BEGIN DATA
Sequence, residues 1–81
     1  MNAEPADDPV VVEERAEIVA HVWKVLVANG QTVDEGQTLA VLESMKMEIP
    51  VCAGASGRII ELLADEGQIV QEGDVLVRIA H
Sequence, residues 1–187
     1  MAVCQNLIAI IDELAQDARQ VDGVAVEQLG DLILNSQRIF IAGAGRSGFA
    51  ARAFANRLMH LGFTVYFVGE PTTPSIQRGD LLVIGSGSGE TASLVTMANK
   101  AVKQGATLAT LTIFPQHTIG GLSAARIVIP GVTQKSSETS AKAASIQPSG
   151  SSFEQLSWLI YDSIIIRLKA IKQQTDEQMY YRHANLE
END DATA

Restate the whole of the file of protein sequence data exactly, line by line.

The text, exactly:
Sequence, residues 1–81
     1  MNAEPADDPV VVEERAEIVA HVWKVLVANG QTVDEGQTLA VLESMKMEIP
    51  VCAGASGRII ELLADEGQIV QEGDVLVRIA H
Sequence, residues 1–187
     1  MAVCQNLIAI IDELAQDARQ VDGVAVEQLG DLILNSQRIF IAGAGRSGFA
    51  ARAFANRLMH LGFTVYFVGE PTTPSIQRGD LLVIGSGSGE TASLVTMANK
   101  AVKQGATLAT LTIFPQHTIG GLSAARIVIP GVTQKSSETS AKAASIQPSG
   151  SSFEQLSWLI YDSIIIRLKA IKQQTDEQMY YRHANLE